For many of us, part of the fun of exploring a foreign land is taking home that perfect souvenir, gift, or unique item for the home – something you just can’t get stateside. If haggling is involved, however, that can make the buying process uncomfortable, even intimidating. Never fear, intrepid traveler, we have what you need right here. Check out our 12 tips on how to haggle like an expert.
1: First, make sure haggling is common practice.
Nothing is more embarrassing than announcing your opening price at a market where haggling is “not done.” Not only will you feel like exiting pronto, but in your haste to leave, you won’t end up with the item you wanted in the first place. You might even insult the merchant, which won’t help the purchase process either. Find out the common buying practices in the area beforehand and haggle only where it is expected.
2: Do your homework on the item you’re interested in before suggesting a price.
A key piece of learning how to haggle is learning about the item in question; in particular, how it’s made and what it’s “worth.” Not only does this help with setting a maximum price (see #4 below), but also demonstrates to the merchant that you know something about what you’re buying. If you know a region’s typical carpet pattern, for example, a merchant may be less likely to exaggerate the item’s value or make false claims about its origin or craftsmanship.
3: Learn what the merchant’s expected profit is.
This kind of information isn’t always easy to get, but talking to locals may help. If you know approximately what the merchant paid for the item (or how much it cost to make) and what their profit expectation is, this will help guide how to haggle with them. A note: Once you know how much the merchant paid for the item, do not offer a price that would insult them. No one likes to lose money.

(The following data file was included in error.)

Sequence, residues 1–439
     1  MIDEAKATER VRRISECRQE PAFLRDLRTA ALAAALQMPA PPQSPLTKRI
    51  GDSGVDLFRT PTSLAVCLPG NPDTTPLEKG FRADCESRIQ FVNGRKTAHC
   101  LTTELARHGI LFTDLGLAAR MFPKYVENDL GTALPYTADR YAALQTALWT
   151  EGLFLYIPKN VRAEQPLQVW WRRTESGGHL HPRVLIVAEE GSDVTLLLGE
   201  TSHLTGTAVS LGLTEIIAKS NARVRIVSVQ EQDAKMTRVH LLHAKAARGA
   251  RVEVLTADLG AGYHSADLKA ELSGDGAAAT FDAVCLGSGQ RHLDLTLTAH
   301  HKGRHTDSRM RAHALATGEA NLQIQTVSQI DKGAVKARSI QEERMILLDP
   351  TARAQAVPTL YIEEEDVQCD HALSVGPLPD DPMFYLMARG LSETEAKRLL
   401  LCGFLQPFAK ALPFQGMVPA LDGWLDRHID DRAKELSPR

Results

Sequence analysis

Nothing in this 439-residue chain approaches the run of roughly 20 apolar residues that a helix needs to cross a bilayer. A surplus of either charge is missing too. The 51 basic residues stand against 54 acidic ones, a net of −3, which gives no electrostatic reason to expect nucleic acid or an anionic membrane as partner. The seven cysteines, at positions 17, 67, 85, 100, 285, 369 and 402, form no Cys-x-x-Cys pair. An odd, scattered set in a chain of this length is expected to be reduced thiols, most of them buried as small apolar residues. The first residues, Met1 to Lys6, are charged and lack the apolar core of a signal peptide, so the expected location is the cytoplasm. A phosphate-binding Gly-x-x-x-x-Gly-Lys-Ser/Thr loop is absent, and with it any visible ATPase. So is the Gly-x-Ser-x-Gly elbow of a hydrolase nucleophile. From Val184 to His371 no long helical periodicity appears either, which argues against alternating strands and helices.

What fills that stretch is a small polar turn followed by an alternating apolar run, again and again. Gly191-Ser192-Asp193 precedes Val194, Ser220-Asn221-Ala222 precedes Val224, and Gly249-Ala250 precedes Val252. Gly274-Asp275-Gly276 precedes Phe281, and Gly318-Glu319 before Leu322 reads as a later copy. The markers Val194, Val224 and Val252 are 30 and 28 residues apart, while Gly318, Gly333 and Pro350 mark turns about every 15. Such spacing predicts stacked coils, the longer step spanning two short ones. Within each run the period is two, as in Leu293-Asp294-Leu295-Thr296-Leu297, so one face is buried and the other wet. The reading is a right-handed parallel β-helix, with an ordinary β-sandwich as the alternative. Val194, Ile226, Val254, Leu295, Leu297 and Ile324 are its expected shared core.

4: Understand that you may hear “no.”
Be disciplined in your approach to haggling, including setting and sticking to a maximum price you are willing to pay. Not all negotiations end in a sale, so be prepared for an occasional “no deal” outcome. If you’ve done your homework and have stuck to a maximum price, you’ve done all you can to make it work. Move on to the next opportunity.
5: Keep it light.
We know that you really want that copper vase, but is it worth getting into a heated argument about? Shopping is supposed to be fun. Don’t ruin your trip or irritate the locals. Always be polite, and if things get personal, thank the vendor and walk away.
6: Don’t let the vendor know that you absolutely have to have an item.
If you absolutely cannot leave the country without that necklace, don’t show it. Any merchant worth their salt will be able to detect that desperation in your voice and they will inflate the price accordingly.
7: Walk away from their “final offer.”
Merchants dislike to lose a sale. If their “final offer” is not quite what you want, thank them and start to walk away. Don’t be surprised if the merchant shouts one more offer your way that’s more in line with what you want.
8: Ask for a multi-item discount.
If you want to buy straw hats for both Aunt Mary and Aunt Kate, negotiate for Mary’s as if you’re only buying one. When you’ve reached an impasse on price, offer to buy a second straw hat if the vendor discounts both items. See how that works?
9: Pay cash.
For more expensive items, merchants often offer the ability to pay with a credit or debit card. This cuts into their profits by at least a percentage point, however (given card transaction fees). If you offer cash for the item, the merchant saves the card fee and may be willing to pass on a bit of that savings to you.
10: Show them the money.
A bird in the hand is worth two in the bush, right? If you actually take out the cash you are offering for an item, your haggling partner may just accept your offer. For them, accepting a cash offer in the moment may be more prudent than spending the time haggling for a minimal price increase.
11: Wait until the end of the day to haggle.
By the end of the day, merchants may be tired of haggling or behind on sales. Prices tend to go down as the shopping day comes to a close, so you are likelier to get your desired tchotchke for cheaper.
12: Don’t feel obligated to buy something.
If you’ve just finished a 30-minute haggling session without a deal, occasionally a merchant may complain that you have wasted their time, and that you “owe” them a sale. Not so. Most are savvy business people; they understand that negotiations can take time and sometimes come up short.
However, if you have agreed on a price, don’t back out. A deal is a deal and if terms were agreed upon, you are expected to complete the purchase.